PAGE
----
I’m surprised there isn’t more YA out there that covers the topic of fandoms. One of the reasons the book Fangirl was such a hit for me was that it covered unchartered YA territory, and I think this book does a bit of that as well. It’s about a girl who loves a blog and goes as far as finding the writer of the blog and meeting him. I like how Arden found someone who voiced what she was feeling online. That seemed beyond real. And I’m not sure how I feel about people tracking down bloggers…but I like that Arden learned that her blogger wasn’t all he appeared to be. It was an important lesson to learn.
I love how much Arden learned over the course of the novel (a very short moment of time-mostly one night). And I love that it wasn’t about falling in love so much as realizing what love really is. I feel like this was a book that dealt more with friendship, family, and self confidence than it did romance, and that was refreshing as well.
This book wasn’t as powerful as I was hoping it to be. The lessons learned in it were good ones. The characters, if not the most relatable, were very real. I ate it up. I loved it and read it super fast, and had one of those deep breath, “now what?” kind of moments when I finished it. I wish some of the beginning was taken out. But overall, the book stuck with me in a good way. I give it a 9/10.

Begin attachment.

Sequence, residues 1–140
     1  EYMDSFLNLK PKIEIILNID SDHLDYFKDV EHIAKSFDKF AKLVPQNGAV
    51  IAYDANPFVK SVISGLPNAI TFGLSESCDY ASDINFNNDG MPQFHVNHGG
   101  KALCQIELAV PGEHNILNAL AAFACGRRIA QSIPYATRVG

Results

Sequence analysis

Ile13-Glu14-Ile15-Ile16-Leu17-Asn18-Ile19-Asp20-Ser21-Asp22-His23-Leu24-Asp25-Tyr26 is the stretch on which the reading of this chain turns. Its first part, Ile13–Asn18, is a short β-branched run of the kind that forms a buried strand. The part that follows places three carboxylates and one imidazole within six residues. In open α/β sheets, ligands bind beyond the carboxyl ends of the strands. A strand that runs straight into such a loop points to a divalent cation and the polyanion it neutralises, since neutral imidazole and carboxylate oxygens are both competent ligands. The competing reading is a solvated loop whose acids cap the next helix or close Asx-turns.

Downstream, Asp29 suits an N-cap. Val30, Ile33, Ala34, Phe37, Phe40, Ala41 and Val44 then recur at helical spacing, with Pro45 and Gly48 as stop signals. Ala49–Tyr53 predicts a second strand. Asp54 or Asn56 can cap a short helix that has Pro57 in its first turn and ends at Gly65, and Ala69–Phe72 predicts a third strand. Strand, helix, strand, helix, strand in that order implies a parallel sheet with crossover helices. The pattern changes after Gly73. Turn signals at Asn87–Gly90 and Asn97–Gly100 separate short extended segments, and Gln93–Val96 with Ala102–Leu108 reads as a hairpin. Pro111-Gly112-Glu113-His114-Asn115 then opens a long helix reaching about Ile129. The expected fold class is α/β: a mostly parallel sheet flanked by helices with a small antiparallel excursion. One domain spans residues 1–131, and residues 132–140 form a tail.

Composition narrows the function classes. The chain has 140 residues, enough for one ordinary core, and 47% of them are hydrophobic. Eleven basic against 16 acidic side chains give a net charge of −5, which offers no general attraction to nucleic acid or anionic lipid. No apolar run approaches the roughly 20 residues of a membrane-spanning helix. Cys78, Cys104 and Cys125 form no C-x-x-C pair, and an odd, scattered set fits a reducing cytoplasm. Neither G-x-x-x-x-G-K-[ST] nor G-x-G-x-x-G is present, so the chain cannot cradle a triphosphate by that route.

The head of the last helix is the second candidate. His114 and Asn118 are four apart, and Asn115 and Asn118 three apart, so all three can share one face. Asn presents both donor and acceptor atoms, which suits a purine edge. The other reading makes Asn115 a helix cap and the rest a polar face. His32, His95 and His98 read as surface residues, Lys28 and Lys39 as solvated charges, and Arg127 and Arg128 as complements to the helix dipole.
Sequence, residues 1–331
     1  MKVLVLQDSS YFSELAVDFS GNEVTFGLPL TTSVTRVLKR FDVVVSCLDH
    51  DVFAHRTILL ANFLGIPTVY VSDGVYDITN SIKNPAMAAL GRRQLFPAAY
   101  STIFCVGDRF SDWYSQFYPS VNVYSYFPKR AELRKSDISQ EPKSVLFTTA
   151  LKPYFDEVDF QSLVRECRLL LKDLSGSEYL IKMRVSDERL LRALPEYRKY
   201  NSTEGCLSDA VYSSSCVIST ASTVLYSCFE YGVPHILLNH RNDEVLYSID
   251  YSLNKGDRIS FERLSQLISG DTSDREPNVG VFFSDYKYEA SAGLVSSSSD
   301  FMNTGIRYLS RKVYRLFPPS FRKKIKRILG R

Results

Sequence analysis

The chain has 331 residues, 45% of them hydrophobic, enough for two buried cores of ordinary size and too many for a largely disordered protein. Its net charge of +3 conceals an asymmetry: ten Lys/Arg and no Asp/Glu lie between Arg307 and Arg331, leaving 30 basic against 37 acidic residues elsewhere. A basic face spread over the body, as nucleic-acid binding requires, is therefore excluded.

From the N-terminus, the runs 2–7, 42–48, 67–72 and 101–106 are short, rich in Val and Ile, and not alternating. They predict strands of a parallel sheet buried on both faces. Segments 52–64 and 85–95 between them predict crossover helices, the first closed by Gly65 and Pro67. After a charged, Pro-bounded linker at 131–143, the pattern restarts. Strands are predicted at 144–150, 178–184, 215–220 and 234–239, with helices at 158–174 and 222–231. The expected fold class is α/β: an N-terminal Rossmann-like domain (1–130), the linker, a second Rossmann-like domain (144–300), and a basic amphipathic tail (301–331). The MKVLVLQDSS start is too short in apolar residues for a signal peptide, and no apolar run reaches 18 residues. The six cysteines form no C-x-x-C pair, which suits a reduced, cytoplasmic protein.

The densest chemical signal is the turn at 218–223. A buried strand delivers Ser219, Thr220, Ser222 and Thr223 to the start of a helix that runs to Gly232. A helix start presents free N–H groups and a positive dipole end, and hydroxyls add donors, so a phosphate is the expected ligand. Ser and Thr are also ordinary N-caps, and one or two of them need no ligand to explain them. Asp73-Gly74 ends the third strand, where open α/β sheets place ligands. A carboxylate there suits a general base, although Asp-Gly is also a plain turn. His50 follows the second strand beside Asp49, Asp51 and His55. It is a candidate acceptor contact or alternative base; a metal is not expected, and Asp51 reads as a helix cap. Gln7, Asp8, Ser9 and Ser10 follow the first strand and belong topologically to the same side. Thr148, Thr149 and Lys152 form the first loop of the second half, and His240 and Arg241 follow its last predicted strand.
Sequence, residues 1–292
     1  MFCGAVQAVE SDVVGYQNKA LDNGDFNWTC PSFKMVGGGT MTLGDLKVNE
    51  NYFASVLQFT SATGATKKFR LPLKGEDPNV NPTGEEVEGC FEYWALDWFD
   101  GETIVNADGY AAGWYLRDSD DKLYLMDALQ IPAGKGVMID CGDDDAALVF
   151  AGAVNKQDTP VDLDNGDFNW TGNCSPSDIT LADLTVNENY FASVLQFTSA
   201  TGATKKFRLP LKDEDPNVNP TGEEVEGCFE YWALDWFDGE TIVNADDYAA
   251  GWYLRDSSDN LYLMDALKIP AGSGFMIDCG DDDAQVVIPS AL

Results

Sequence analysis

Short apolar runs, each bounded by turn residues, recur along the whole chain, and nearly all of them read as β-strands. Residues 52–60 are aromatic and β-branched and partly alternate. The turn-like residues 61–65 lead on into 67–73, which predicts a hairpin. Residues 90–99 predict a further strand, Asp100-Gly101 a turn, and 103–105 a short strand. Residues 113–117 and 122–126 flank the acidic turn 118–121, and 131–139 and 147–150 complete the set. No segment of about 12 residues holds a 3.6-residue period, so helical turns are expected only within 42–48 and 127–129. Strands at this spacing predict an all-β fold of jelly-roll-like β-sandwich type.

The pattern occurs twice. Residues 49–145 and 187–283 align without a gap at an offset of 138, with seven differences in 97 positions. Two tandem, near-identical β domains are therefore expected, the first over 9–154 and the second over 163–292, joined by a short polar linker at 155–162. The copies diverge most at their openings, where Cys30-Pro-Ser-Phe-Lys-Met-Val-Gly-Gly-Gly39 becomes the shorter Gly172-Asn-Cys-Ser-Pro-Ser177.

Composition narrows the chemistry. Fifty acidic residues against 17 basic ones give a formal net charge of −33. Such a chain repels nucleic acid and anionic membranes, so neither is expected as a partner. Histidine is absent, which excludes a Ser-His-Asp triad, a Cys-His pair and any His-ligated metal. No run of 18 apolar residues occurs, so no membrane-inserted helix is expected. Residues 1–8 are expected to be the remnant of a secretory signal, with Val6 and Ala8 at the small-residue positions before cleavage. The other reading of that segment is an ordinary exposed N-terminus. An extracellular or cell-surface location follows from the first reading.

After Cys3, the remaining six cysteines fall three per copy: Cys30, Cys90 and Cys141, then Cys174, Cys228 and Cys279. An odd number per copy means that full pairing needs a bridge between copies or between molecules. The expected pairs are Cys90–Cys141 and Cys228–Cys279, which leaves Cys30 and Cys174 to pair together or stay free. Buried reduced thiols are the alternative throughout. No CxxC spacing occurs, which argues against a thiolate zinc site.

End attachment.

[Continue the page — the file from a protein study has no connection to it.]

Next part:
Wednesday, September 9, 2015

Waiting on Wednesday (155)

Waiting on Wednesday is a weekly meme hosted by
Breaking the Spine that allows bloggers to share which books we are most anticipating.
This week I am waiting on Ten Thousand Skies Above You by Claudia Gray (11/3/15):

Description on Goodreads:
Ever since she used the Firebird, her parents' invention, to cross into alternate dimensions, Marguerite has caught the attention of enemies who will do anything to force her into helping them dominate the multiverse—even hurting the people she loves. She resists until her boyfriend, Paul, is attacked and his consciousness scattered across multiple dimensions.

Marguerite has no choice but to search for each splinter of Paul’s soul. The hunt sends her racing through a war-torn San Francisco, the criminal underworld of New York City, and a glittering Paris where another Marguerite hides a shocking secret. Each world brings Marguerite one step closer to rescuing Paul. But with each trial she faces, she begins to question the destiny she thought they shared.

The second book in the Firebird trilogy, Ten Thousand Skies Above You features Claudia Gray’s lush, romantic language and smart, exciting action, and will have readers clamoring for the next book.
Why I’m Waiting:
I had so much fun reading the first book. I sort of have a soft spot for books that take place across different worlds/universes. I remember there being a few weird loopholes, but actually not minding them too much because the story was so fun. Also, the covers for these books are just beyond beautiful.